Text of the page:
What exactly does back pain mean? Most people experience back pain for a short time at some point in their lives, possibly after overdoing exercise or other activities. But persistent pain is not as common. Persistent back pain, lasting more than a month, is termed chronic back pain.

According to UPMC Hamot neurosurgeon Brian Dalton, MD, “Back pain is a painful condition involving any portion of the spine, from the base of the skull down to your tailbone.”

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Risk Factors for Chronic Back Pain

Many people experience occasional back pain because of overuse or everyday wear and tear. For some people, however, back pain is a frequent occurrence, lasting longer than a few days. Chronic back pain can result from overuse. Injuries, however, are the most common cause of back pain and often are the result of an accident, sports mishap, or work-related activity.

Other factors that may make you more susceptible to chronic back pain include:

  • Aging
  • Family history
  • Degenerative joint or disc disease
  • Lifting or pulling heavy objects
  • Sedentary work

“Folks with occupations that require repetitive lifting or bending will have a higher likelihood of developing chronic pain issues with their backs,” says Dr. Dalton.

Pain can occur in any part of the back: bones, discs, muscles, ligaments, or the joints of the spine.

At-Home Treatments for Back Pain

Here are a few simple methods that can help to reduce most low-grade back pain:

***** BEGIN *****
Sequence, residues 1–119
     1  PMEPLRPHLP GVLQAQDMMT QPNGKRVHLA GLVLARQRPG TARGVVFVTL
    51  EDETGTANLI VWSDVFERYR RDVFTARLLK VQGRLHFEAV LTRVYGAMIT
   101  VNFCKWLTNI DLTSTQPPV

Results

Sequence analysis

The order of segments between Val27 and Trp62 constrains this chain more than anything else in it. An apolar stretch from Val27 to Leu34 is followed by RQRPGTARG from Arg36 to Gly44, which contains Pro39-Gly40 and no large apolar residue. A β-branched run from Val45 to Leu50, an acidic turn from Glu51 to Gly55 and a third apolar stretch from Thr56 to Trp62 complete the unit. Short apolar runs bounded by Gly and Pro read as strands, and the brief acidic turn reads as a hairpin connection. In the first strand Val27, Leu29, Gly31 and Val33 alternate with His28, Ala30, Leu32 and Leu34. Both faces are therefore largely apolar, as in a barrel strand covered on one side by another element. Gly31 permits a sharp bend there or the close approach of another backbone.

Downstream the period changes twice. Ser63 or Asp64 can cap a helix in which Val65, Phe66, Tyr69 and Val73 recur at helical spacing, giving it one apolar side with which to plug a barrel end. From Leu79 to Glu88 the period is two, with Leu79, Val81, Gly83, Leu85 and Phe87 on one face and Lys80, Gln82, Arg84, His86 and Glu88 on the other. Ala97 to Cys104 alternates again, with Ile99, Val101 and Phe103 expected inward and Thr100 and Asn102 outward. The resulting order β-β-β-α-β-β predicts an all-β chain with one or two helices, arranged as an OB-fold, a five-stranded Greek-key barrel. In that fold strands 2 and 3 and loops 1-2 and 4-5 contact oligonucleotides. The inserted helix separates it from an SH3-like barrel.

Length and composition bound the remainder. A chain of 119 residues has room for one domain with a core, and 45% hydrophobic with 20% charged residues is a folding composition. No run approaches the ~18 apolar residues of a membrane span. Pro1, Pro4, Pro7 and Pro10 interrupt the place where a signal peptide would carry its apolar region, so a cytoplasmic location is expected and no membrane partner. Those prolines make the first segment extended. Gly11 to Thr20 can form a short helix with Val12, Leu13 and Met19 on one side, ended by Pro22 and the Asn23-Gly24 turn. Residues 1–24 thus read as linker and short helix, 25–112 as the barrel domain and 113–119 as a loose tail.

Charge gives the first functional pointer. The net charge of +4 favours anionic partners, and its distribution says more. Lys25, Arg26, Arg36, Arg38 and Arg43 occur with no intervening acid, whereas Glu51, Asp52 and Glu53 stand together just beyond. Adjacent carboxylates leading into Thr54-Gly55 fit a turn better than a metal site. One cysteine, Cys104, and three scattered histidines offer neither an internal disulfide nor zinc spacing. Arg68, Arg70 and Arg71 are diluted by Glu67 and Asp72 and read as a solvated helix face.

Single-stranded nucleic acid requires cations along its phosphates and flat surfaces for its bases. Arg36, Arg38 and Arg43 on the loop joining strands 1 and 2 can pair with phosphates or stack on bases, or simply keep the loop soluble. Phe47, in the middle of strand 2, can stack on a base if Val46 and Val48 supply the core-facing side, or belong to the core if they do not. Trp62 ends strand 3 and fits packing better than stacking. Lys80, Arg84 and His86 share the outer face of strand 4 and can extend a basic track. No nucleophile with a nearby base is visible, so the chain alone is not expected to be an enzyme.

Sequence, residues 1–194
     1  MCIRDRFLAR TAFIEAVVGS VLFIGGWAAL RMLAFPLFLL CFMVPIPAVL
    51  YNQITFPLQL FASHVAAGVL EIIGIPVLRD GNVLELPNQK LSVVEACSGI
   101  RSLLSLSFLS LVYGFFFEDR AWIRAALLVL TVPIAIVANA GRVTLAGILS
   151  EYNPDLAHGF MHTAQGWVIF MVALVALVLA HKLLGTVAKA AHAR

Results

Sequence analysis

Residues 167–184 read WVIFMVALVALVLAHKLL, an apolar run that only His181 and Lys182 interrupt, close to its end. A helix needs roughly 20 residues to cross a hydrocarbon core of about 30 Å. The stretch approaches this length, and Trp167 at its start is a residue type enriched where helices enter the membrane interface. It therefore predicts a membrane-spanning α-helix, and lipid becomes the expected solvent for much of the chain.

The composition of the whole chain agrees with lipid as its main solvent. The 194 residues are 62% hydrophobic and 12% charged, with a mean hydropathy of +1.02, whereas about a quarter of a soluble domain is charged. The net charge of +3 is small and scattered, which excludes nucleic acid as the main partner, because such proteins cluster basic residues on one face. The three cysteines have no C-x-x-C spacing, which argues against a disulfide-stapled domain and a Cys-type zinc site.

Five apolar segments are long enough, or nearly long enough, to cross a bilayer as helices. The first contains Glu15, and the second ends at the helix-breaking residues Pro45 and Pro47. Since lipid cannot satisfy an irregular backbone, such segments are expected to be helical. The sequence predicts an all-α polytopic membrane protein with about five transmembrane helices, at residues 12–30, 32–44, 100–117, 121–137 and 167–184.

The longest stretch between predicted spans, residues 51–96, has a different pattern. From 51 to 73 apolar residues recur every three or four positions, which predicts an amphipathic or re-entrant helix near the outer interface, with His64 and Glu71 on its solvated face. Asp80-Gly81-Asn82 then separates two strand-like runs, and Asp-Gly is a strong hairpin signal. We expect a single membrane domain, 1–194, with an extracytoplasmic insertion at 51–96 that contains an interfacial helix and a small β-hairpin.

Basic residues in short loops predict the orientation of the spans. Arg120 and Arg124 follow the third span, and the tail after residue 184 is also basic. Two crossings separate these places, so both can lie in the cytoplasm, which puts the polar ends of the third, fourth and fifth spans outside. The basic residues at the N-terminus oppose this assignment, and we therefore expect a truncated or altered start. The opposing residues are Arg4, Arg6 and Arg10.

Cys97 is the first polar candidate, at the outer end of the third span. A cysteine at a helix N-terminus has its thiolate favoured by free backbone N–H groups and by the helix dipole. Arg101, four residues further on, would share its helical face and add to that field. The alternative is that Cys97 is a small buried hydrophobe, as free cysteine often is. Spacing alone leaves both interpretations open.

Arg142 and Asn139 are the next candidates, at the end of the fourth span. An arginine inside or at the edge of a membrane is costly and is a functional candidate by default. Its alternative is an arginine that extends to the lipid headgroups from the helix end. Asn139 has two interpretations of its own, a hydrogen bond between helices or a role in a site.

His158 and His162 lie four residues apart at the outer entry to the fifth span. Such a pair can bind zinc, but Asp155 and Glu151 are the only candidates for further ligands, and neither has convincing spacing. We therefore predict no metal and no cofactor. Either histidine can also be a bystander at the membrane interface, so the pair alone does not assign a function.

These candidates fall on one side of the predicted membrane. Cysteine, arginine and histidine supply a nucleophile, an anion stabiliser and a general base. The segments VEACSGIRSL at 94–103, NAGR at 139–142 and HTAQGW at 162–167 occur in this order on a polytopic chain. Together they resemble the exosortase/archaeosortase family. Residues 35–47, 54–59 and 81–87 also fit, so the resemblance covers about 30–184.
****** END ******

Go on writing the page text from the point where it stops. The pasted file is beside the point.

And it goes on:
• Maintain good posture by standing and sitting up straight with your shoulders back and your neck and spine aligned
  • Stretch your back and legs

Dr. Dalton also recommends using anti-inflammatory medicines such as ibuprofen and applying heat or ice packs to treat occasional back pain.

“People always want to know which is better — heat or ice? The answer is simple: Use whatever works for you,” says Dr. Dalton.

Medical Treatment for Persistent Back Pain: Ways to Cope

Back pain that persists or seems to radiate to the arms or legs may require more substantial treatment.

In the absence of significant limb weakness or new bowel or bladder issues that develop with the onset of pain, doctors will often refer people for physical therapy, which may include stretches and exercises to strengthen the back. Through consultation with your doctors and physical therapists, you can learn practical information about back care, posture, body mechanics, and back exercises.

If back pain persists after these interventions, your doctor may order additional tests to determine the cause before recommending treatment options such as medicines or injections. “Only about 12 percent of people who slip a disc will require surgery because of persistent pain or neurologic complications from the disc herniation,” says Dr. Dalton.

Dr. Dalton also notes that aging can bring about a loss of bone density. He recommends checking with your doctor about vitamin D supplements and exercises to keep your bones healthy and your back strong.

Smoking and obesity are two more factors that can affect back health. “Smoking increases disc degeneration and overall pain scores,” explains Dr. Dalton. Obesity puts a strain on all joints and bones, including those in the back. “Smoking and obesity not only make it more difficult to diagnose problems, but people who smoke and individuals who are obese are much harder to treat, and they will have a much higher complication rate from those treatments,” he says.

For more information about treating persistent, chronic back pain or to make an appointment with one of our doctors, call the UPMC Department of Neurosurgery at 412-647-3685.

If you have questions about full, in-network access to UPMC doctors and hospitals, please call our help line at 1-855-646-8762.